COP27 – Panel Discussion
Thursday 1st December 2022
14:30-16:00 Eastern European Time (EET) (UTC+2)
University of Reading, Whiteknights Campus
This annual event organised by the Walker Institute looked back on what made international headlines and what might have been missed during the conference. A panel of COP27 delegates, spanning our own University of Reading party as well as external participants, offered their own grounded perspectives of the successes (and failures) of COP27 in conversation with Peter Gibbs. The event provided an opportunity for the wider University community to review and assess the global climate conference and our next steps together towards achieving the Paris Climate Agreement.
Watch the Livestream
The panellists represented a range of organisations and stakeholders:
- Prof. Rosalind Cornforth, Opening note – Director of the Walker Institute
- Peter Gibbs, Chair – Freelance meteorologist and broadcaster
- Prof. Richard Betts – Head of Climate Impacts Research in the Met Office Hadley Centre and a Professor at the University of Exeter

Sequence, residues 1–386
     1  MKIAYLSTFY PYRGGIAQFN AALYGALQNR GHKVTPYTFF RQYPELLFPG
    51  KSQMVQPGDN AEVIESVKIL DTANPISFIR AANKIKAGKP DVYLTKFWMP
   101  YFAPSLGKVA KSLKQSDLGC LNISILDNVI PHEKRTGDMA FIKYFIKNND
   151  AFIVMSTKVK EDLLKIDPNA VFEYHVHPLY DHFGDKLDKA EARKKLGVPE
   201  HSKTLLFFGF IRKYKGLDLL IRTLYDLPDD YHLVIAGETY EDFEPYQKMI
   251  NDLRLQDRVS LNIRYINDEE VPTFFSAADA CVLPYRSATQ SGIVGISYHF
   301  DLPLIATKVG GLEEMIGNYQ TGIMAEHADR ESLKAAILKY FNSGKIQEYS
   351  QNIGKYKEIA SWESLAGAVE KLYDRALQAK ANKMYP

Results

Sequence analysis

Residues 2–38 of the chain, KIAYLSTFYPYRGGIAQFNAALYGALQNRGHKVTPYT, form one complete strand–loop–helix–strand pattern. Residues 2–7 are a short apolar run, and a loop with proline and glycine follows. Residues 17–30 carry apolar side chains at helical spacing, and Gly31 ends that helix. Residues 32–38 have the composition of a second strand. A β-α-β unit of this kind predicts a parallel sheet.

- Robert Muthami – Programme Coordinator at Friedrich-Ebert-Stiftung – Nairobi, Kenya
- Dannielle Roche – PhD research student, FoodBioSystems Doctoral Training Partnership, COPCAS student
- Dr Deepa Senapathi – Associate Professor at University of Reading; Ecologist
- Clare Shakya – Climate change group director in International Institute for Environment and Development (IIED)
- Dr Caroline Wainwright – Research Fellow at the Grantham Institute, Imperial College
The discussion explored some of the strengths and failings of the COP process, and of the specifics of COP27. In particular, the outcomes around loss and damage were discussed and – despite the positive signalling that came out of COP 27 – there was some scepticism about how the loss and damage fund would be realised and in what time frame. The continued reluctance to confront the oil, gas and coal sectors was also highlighted as the Parties start to look ahead to COP28 in Dubai.
Following a welcome introduction and summary by Professor Rosalind Cornforth, closing remarks were given by Dominik Zaum, Pro-Vice Chancellor, Research and Innovation at University of Reading, who noted the importance of the University’s engagement at COP and noted the value of involvement in the process into the future.